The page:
To develop your unique purpose, Greene offers three suggestions:

1. Reflect on your childhood passions. As children, we weren’t driven by external concerns such as reputation or financial status. Consider asking your parents, grandparents, or former neighbors about what you loved to do as a kid. Likely, you’ll realize that some of your childhood passions still resonate with you today.

(Shortform note: In The Success Principles, Jack Canfield explains why we pursue our authentic desires as children: Our wants were simpler and easier to get. For example, we might want to play with a toy or eat our favorite snack. However, as adults, we want more complex things, so, for simplicity’s sake, we sometimes default to saying that we don’t have a preference when we really do. To rediscover your genuine wants, Canfield suggests you practice recognizing your personal preferences in every situation, no matter how inconsequential it seems. For instance, when deciding whether to meet a friend for lunch or dinner, you might be tempted to say that you don’t have a preference. However, force yourself to determine which one you prefer and state it.)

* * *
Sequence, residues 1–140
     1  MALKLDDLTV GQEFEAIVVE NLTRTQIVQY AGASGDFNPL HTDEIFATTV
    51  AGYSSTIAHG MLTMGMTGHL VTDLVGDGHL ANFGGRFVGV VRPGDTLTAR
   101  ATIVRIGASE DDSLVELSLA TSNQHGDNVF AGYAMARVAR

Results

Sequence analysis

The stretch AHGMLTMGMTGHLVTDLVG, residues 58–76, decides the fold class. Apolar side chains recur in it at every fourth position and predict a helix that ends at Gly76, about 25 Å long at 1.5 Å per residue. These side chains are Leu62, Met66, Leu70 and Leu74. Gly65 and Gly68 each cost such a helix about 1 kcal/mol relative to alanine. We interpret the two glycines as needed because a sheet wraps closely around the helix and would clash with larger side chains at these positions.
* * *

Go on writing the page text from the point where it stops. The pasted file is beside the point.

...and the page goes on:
2. Identify what makes you different. Beyond your childhood passions, consider all of the ways you’re unique—your personality, experiences, desires, and tastes. According to Greene, these traits are valuable simply because no one else has them.

(Shortform note: While it’s important to discover your unique interests and strengths, other experts point out that it’s more valuable to choose a path and take action. In The Defining Decade, Meg Jay says focusing too much on being unique can hold you back if you try to do everything unconventionally and refuse to try things that don’t align with your personal interests. Instead, she suggests you prioritize taking action and committing to a path, trusting that you’ll find ways to express your individuality no matter what you do.)

3. Develop your unique beliefs. Greene urges you to form values and opinions that aren’t influenced by others. When you’re clear on what you care about, you won’t confuse the pursuits you’re passionate about with those society deems valuable. To commit to your beliefs, Greene advises you to deliberately rebel against any false beliefs that hold you back. For example, if you have a strong desire to be liked, take pride in defying that desire and embracing your individuality.